The planet’s greatest concentration of WW2 shipwrecks lie in a remote lagoon in the middle of the Pacific Ocean. And outside the diving community, nobody seems to have heard of it!

Throughout the Second World War, the lagoon was the principal base for the Japanese fleet – a mid-ocean fortress they believed to be impenetrable.

But then came Operation Hailstone, a massive airstrike which changed the course of the Pacific War.

Over two days in 1944, American aircraft sunk around 40 Japanese ships and destroyed hundreds of warplanes.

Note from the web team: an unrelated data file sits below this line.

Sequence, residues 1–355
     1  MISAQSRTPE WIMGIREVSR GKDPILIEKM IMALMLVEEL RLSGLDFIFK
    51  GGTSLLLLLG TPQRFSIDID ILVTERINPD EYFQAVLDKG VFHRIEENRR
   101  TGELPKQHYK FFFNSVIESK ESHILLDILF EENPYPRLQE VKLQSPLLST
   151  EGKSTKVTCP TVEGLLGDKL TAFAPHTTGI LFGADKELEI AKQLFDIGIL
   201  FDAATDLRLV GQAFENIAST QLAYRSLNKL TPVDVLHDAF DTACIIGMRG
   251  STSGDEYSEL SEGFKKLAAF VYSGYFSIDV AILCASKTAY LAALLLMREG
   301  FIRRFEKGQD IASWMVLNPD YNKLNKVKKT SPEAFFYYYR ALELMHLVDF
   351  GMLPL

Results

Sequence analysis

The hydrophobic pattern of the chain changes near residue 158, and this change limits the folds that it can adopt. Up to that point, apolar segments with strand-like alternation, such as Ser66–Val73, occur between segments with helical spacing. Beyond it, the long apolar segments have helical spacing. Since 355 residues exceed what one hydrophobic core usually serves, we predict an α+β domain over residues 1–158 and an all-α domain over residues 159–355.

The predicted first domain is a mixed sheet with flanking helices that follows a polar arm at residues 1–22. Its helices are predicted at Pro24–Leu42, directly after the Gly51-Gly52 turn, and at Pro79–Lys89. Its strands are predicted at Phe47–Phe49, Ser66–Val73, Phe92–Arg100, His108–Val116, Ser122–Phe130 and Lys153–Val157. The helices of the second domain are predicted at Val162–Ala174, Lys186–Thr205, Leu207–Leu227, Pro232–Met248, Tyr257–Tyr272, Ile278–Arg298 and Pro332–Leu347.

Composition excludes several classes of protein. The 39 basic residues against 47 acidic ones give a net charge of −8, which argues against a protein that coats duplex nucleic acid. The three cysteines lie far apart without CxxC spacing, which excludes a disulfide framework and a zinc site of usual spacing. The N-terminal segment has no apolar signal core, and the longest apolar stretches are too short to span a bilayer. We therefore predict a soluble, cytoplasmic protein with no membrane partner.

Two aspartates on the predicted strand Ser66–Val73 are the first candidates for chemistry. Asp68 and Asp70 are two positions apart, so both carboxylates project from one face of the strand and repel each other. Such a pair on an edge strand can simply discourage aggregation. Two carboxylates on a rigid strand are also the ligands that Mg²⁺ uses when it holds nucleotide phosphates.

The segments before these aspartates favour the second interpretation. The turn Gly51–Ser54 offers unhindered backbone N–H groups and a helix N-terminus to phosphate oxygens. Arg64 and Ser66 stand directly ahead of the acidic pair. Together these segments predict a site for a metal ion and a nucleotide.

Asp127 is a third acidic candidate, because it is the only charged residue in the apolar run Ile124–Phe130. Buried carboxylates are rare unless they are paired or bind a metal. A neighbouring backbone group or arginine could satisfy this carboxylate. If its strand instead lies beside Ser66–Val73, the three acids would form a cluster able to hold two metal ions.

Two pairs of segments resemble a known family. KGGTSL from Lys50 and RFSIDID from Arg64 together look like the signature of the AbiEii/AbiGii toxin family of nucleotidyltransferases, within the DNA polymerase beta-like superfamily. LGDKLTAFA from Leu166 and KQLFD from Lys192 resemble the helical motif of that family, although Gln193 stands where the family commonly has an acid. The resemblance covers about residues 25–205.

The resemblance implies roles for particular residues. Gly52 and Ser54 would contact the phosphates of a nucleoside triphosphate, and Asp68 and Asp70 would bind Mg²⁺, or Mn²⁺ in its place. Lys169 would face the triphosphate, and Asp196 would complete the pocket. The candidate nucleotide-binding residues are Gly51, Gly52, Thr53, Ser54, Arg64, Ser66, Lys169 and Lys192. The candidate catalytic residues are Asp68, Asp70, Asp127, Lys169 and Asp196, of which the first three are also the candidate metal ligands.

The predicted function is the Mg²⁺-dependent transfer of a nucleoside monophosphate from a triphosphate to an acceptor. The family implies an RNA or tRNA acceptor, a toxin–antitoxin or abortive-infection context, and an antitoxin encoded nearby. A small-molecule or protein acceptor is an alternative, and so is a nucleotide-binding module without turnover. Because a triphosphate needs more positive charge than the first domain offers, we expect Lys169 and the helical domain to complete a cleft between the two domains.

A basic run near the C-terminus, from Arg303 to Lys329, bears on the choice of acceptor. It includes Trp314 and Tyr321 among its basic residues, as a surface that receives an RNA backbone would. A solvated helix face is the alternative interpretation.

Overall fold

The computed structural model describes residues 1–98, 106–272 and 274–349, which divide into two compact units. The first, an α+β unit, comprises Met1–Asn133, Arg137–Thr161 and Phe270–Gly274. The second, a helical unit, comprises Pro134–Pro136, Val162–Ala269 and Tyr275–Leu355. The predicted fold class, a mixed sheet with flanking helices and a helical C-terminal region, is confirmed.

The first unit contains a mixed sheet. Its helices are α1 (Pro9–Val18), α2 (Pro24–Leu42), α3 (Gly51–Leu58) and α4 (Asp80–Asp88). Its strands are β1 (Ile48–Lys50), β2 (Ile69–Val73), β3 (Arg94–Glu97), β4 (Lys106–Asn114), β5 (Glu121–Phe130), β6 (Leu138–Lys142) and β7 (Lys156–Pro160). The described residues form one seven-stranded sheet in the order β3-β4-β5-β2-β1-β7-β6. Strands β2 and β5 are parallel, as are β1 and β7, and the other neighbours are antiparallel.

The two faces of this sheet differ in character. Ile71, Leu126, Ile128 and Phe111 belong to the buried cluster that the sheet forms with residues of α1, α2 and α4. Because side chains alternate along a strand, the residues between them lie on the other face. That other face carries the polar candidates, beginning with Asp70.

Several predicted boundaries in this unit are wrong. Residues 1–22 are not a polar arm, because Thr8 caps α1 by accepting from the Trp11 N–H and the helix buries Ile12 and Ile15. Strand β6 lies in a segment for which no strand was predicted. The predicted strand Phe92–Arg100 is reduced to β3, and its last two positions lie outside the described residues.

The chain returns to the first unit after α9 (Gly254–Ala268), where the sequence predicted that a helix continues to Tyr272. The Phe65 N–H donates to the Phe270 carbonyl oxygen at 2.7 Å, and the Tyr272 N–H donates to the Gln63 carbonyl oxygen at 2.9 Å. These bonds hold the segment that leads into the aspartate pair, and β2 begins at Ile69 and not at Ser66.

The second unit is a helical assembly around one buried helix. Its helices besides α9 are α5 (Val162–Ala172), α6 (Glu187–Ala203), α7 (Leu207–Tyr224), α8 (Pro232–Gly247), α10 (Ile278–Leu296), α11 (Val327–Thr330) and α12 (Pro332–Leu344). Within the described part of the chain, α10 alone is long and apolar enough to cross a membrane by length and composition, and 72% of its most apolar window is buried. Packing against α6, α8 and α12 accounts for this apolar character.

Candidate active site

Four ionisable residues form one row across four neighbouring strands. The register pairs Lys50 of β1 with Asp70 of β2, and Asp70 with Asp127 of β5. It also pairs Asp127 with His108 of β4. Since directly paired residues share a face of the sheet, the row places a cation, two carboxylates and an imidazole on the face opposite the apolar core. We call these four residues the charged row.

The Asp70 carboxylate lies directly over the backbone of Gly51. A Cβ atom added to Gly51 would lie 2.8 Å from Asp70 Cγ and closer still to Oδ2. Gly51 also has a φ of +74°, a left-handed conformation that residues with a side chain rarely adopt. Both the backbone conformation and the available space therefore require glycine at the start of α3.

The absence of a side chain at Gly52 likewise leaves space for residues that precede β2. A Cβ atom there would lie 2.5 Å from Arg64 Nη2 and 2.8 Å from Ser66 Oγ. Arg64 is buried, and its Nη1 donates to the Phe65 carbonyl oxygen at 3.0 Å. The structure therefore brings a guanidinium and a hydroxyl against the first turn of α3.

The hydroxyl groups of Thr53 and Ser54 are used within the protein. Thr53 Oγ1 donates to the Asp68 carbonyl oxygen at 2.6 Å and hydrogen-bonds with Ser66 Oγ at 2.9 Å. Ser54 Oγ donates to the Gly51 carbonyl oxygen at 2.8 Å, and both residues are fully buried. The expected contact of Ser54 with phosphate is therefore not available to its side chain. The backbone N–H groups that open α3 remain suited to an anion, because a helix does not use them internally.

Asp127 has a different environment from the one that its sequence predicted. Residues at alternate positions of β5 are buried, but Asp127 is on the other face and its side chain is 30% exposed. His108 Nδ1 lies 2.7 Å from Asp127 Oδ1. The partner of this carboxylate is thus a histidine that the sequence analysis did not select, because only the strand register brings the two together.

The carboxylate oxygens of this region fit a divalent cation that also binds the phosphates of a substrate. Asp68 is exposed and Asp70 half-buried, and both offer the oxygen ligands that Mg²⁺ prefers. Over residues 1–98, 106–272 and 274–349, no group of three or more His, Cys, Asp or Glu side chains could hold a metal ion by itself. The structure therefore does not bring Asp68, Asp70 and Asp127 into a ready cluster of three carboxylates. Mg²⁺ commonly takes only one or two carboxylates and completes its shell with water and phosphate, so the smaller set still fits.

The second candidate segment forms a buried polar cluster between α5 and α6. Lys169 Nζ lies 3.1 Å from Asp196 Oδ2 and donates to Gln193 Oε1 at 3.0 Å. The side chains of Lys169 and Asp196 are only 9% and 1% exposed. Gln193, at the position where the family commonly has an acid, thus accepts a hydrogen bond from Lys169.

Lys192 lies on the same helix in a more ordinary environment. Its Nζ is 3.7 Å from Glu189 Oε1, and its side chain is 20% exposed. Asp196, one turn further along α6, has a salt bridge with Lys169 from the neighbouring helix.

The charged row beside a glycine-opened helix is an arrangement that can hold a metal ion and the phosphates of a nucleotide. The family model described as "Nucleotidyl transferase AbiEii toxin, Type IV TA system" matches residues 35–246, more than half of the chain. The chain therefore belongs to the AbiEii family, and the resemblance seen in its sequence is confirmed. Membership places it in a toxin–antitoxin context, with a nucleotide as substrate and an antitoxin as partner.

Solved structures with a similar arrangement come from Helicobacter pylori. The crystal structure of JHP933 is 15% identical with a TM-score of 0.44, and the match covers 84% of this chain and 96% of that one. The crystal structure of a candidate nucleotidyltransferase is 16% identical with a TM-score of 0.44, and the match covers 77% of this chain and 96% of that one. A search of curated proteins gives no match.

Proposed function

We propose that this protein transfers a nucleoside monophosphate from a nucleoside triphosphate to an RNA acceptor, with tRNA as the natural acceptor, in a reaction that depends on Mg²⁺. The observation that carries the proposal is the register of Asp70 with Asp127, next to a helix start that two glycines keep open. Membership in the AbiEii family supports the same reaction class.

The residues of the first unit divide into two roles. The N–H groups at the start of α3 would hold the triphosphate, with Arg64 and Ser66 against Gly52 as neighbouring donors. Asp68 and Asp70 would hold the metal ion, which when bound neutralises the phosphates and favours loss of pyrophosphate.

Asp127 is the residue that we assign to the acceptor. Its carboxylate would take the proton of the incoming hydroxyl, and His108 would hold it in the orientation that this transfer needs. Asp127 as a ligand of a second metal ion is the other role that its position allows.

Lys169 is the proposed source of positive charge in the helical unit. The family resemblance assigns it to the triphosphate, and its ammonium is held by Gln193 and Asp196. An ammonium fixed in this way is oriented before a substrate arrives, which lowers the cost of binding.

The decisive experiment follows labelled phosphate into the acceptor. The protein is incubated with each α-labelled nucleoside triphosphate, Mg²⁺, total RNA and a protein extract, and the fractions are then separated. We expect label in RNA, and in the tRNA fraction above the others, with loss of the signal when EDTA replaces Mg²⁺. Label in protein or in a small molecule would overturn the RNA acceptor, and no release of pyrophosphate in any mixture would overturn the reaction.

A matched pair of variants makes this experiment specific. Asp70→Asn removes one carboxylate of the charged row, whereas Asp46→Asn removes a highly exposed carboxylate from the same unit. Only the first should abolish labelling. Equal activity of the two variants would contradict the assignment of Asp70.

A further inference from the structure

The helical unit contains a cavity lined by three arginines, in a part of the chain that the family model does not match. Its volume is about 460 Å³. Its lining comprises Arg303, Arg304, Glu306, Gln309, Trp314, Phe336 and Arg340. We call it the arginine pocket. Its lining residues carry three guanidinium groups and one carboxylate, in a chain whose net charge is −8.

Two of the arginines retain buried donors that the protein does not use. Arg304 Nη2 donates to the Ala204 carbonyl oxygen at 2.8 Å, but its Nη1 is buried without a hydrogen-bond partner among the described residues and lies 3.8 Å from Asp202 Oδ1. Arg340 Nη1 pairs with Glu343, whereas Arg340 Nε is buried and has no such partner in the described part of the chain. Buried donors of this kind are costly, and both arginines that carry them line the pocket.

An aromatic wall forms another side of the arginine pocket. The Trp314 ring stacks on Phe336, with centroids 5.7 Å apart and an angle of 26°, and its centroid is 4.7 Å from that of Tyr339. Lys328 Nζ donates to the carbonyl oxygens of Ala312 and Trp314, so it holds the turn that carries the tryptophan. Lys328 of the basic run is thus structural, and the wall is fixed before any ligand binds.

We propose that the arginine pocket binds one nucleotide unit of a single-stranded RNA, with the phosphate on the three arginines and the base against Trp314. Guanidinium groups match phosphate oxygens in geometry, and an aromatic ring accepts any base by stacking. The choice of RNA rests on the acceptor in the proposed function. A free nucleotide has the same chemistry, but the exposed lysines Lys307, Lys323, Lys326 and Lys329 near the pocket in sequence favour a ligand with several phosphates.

This was the American payback for the attack on Pearl Harbour.

Bow of San Francisco Maru

San Francisco Maru Truk Lagoon


It’s like a child’s dream of what shipwrecks should look like. Most of the ships lie on the sea floor still intact.

Planes and other wreckage litter the seabed. The ships still contain cargoes of aircraft, tanks, weapons and munitions.  Ghostly corridors lead to engine rooms and cabins.

Bridge of ship Truk Lagoon

Bridge of Kensho Maru, Truk Lagoon


Fionn and I filmed in Truk at the end of 2017. It has taken 12 months for the film to reach final edit stage, but in late December we spent three days at Films at 59 in Bristol completing the film. It has now been delivered to our agents Earth Touch for sale to the worldwide television market. There has already been interest from a number of broadcasters so fingers crossed for some sales! And here is a taster…